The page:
While the album is loaded with great tracks, some of my very favorites include “Ushinawareta Ai”, “Run Away”, the title track “From the Black World”, and “Terrible Night”. “Ushinawareta Ai” is a bit more of a laid back hard rocking song with a slower tempo, perhaps my favorite portion of the song is its guitar intro which is rather reminiscent of X Japan‘s “Kurenai” intro. “From the Black World” is one of the album’s more nimble tunes, boasting impressive guitar work, a catchy chorus and easily one of the album’s best solo sections, meanwhile “Terrible Night” is a bit of a slower, 70s-style hard rocker with a primary emphasis on its guitar riffs in combination with Ace’s vocal performance, of course Popeye’s drums are a nice aspect of the song too, utilizing both a gong and plenty of cowbell.
My favorite song on this album is the very first track. “Run Away” is one of the finest Japanese metal songs written at any point from the end of 1971 up until Loudness‘ height began in 1984. It’s one of the speediest 70s metal tracks you’ll find anywhere; it’s a notch below stuff like Judas Priest‘s “Exciter” and Riot‘s “Warrior” in that regard, but still, aggressive as hell on all fronts, in about the same speed wheelhouse as “Call for the Priest” or “Kill the King” and 70s metal songs of that variety for comparison. “Run Away” features one of Nokemono’s best choruses, as well as a remarkable solo-section, twin guitar solo included, where the band as a whole is simply firing on all cylinders. An interesting and well-thought out thing the band did was close out the album with the 0:25 acoustic closer “Run Away (Part II)”, fittingly both opening and closing the album with their greatest and best known song.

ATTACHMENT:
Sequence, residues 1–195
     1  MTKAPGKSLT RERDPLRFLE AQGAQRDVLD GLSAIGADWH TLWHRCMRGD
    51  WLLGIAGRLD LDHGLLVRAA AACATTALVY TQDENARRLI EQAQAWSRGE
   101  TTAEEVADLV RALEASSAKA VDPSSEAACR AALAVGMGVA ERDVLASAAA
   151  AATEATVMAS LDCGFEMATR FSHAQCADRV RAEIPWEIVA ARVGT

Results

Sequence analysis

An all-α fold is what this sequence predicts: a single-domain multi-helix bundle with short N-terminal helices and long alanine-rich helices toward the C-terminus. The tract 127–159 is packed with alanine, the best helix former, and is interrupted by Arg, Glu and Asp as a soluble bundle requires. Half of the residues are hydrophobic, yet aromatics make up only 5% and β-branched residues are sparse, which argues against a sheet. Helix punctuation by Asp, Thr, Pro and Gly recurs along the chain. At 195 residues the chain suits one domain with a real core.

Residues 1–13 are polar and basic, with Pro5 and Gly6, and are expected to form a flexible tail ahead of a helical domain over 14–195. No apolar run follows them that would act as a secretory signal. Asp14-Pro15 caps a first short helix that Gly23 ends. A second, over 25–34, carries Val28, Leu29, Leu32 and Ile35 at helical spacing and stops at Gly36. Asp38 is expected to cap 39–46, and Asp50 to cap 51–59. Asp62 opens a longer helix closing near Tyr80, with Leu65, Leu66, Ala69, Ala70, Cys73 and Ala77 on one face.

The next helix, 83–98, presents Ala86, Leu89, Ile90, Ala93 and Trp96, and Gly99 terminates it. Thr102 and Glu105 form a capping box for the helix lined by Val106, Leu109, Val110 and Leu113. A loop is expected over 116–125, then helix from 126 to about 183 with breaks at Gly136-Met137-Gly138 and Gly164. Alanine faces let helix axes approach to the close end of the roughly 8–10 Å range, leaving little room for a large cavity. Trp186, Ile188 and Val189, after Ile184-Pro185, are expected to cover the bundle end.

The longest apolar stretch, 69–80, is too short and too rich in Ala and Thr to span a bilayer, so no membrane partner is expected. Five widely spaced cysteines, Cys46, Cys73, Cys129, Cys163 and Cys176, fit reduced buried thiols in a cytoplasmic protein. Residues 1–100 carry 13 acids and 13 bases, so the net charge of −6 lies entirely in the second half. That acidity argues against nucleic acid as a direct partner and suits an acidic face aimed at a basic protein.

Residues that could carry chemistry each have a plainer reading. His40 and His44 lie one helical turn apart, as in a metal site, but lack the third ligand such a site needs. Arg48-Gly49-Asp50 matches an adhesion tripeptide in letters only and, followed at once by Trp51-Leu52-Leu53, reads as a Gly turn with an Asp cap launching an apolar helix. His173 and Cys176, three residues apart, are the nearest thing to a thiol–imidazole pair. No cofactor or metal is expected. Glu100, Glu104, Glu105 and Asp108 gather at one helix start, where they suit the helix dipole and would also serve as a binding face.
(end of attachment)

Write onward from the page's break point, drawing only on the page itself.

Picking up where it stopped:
Another one of my favorite things about this album is the production quality which is good enough to beat out a large portion of the Japanese metal albums of the 80s and early 90s. This is a 1979 heavy metal album from a (at the time they were recording this, though thankfully appreciation for them has increased in years since) fairly obscure band in Japan, and everything is leveled beautifully, the instruments are very clear and it’s evident they put plenty of effort into these aspects. If I had any complaint at all about this, it would be a couple of tracks sounding fairly similar to others on the album for example “Ari Jigoku” sounding a bit like “Run Away” once you get past its intro, though this is made up for first by them both being plenty of fun, and second they’re both at opposite ends of the album. I also feel like the band would have further benefited this album by including their song “Down to Hell”, which despite fitting the style of this album perfectly, would in reality never get a studio release.
All in all, From the Black World is an album that deserves and needs to be remembered. Before there was Loudness, Earthshaker, Anthem, and X, there was Nokemono; without this band the Japanese metal scene would likely sound entirely different that it currently does. If you want to hear not only a solid early metal album, but one that helped define Japan’s early metal scene, as well as if you’re a fan of Bow Wow’s style, this is most certainly an album you won’t want to miss out on.
Album Rating: 88/100
Favorite Track: Run Away